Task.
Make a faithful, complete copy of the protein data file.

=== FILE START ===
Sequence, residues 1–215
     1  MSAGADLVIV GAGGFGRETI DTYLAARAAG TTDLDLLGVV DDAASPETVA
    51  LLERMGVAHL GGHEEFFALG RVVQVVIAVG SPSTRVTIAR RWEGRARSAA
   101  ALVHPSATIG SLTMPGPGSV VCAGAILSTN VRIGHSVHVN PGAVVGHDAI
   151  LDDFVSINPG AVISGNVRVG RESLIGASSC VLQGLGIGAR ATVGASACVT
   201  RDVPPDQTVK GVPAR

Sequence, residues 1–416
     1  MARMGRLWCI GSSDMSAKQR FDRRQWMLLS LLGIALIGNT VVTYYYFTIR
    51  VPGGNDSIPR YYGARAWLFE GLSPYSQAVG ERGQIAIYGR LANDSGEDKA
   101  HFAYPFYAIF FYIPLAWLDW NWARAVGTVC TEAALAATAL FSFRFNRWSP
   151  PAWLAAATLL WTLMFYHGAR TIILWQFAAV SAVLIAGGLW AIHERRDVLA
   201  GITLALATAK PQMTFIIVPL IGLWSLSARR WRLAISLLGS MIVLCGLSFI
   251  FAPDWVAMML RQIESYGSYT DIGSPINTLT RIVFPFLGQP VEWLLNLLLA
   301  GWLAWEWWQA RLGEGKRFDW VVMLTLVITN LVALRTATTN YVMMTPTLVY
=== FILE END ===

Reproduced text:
Sequence, residues 1–215
     1  MSAGADLVIV GAGGFGRETI DTYLAARAAG TTDLDLLGVV DDAASPETVA
    51  LLERMGVAHL GGHEEFFALG RVVQVVIAVG SPSTRVTIAR RWEGRARSAA
   101  ALVHPSATIG SLTMPGPGSV VCAGAILSTN VRIGHSVHVN PGAVVGHDAI
   151  LDDFVSINPG AVISGNVRVG RESLIGASSC VLQGLGIGAR ATVGASACVT
   201  RDVPPDQTVK GVPAR

Sequence, residues 1–416
     1  MARMGRLWCI GSSDMSAKQR FDRRQWMLLS LLGIALIGNT VVTYYYFTIR
    51  VPGGNDSIPR YYGARAWLFE GLSPYSQAVG ERGQIAIYGR LANDSGEDKA
   101  HFAYPFYAIF FYIPLAWLDW NWARAVGTVC TEAALAATAL FSFRFNRWSP
   151  PAWLAAATLL WTLMFYHGAR TIILWQFAAV SAVLIAGGLW AIHERRDVLA
   201  GITLALATAK PQMTFIIVPL IGLWSLSARR WRLAISLLGS MIVLCGLSFI
   251  FAPDWVAMML RQIESYGSYT DIGSPINTLT RIVFPFLGQP VEWLLNLLLA
   301  GWLAWEWWQA RLGEGKRFDW VVMLTLVITN LVALRTATTN YVMMTPTLVY